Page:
President Obama signed the Children’s Health Insurance Reauthorization Act of 2009 (the “Act”) into law on February 4, 2009. The Act expands the Children’s Health Insurance Program (CHIP) and, among other items, authorizes states to provide premium subsidies for group health plan coverage for eligible individuals (generally low-income children and families). The premium assistance program imposes new special enrollment, notice and disclosure obligations on employer group health plans.
Premium Assistance Program
Effective April 1, 2009, states may provide premium subsidies for “qualified employer coverage” in lieu of providing health coverage through the CHIP program.
Qualified employer coverage is:
- coverage for which at least 40% of the cost is paid by the employer;
- “creditable coverage” as defined under the HIPAA; and
- available to a reasonable classification of employees (as determined in accordance with IRS rules).
High-deductible health plans and fl exible spending accounts (FSAs) are not qualified employer coverage.
Subsidies may be provided as reimbursements to the employee or through direct payments to the employer, though employers may opt out of receiving direct payments.
The Act creates new special enrollment rights for employees and dependents who are eligible but not enrolled in an employer group health plan. Group health plans must permit enrollment upon: (1) termination of Medicaid or CHIP coverage due to loss of eligibility; or (2) becoming eligible for premium assistance through CHIP for the employer’s group health plan. Employees must request special enrollment within 60 days of the occurrence of one of these events. Plan administrators should note that this 60-day enrollment period is a departure from the existing special enrollment rules for loss of other coverage or acquisition of a dependent, under which employees have only 30 days to request special enrollment.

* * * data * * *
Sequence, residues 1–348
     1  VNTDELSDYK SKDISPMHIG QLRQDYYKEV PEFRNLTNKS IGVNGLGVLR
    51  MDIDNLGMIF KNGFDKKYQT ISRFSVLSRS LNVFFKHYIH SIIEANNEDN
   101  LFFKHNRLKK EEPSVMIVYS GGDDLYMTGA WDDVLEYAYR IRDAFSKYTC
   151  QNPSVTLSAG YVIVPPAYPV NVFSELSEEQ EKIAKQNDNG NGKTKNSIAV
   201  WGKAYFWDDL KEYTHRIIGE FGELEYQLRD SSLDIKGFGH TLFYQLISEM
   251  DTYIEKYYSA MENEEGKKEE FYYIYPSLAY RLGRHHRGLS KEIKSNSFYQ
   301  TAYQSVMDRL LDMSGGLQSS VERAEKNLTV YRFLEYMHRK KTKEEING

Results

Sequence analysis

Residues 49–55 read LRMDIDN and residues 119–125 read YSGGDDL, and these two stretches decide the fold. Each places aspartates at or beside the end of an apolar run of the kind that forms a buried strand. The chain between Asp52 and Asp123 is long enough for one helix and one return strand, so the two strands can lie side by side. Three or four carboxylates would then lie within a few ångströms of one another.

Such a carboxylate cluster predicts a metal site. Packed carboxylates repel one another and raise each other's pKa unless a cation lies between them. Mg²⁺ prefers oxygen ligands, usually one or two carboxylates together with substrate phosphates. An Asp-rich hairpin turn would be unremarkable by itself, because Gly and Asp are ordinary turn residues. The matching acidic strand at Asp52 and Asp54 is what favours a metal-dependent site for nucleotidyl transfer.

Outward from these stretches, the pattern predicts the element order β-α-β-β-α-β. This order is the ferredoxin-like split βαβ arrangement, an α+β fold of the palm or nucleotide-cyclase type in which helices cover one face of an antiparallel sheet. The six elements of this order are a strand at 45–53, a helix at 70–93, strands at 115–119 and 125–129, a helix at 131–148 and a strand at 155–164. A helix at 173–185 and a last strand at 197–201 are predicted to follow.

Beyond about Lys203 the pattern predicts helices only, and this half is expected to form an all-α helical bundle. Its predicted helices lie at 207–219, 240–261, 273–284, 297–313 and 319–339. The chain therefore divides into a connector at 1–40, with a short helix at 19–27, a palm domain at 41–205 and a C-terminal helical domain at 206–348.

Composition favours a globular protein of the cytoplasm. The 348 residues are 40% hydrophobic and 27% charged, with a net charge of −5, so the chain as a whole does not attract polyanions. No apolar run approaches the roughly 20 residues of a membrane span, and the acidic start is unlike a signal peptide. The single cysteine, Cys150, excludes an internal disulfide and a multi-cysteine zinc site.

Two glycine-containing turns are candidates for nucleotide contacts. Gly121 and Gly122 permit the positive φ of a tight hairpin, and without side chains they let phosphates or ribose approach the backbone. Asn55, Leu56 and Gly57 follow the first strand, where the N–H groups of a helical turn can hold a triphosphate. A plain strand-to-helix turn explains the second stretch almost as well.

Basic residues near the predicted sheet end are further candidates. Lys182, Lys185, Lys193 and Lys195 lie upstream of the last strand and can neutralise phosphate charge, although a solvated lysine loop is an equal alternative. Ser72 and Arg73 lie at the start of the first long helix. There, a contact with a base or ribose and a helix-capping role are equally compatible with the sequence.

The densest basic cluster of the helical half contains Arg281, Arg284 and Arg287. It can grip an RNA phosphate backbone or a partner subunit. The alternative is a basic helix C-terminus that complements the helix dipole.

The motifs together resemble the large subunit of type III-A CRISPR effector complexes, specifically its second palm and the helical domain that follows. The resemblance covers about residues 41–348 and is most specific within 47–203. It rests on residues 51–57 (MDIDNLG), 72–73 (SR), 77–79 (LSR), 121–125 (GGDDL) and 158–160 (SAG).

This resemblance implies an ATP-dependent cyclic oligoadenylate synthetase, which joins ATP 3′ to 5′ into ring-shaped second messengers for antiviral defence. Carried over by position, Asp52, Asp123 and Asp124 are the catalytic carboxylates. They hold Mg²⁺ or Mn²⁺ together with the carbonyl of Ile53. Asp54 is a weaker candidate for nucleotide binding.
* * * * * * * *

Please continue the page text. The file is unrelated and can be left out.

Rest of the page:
The new special enrollment rights are effective as of April 1, 2009. Plan documents and SPDs that describe special enrollment rights may need to be updated to refl ect these new rights.
Employers in states that have adopted premium assistance programs must provide written notice of the program to their employees. This notice may be included in the summary plan description or in other plan information, such as enrollment materials. The Act directs the Departments of Labor (DOL) and Health and Human Services (HHS) to develop a model notice by February 4, 2010. Employers are not required to furnish this notice until after the model notice is issued.
Plan administrators whose plans cover Medicaid or CHIP eligible individuals will be required to disclose to the state, upon request, information about the plan, including details about benefits, premiums and cost-sharing. The disclosures are intended to assist the state in planning the premium assistance program and in determining whether the plan coverage constitutes qualified employer coverage. The Act directs HHS and DOL to develop a model disclosure form within eighteen months. States may not request this disclosure until the first plan year that begins after the model disclosure form is issued.
Penalties for Noncompliance
The Act provides civil penalties of up to $100 a day for failure to comply with the new notice and disclosure requirements.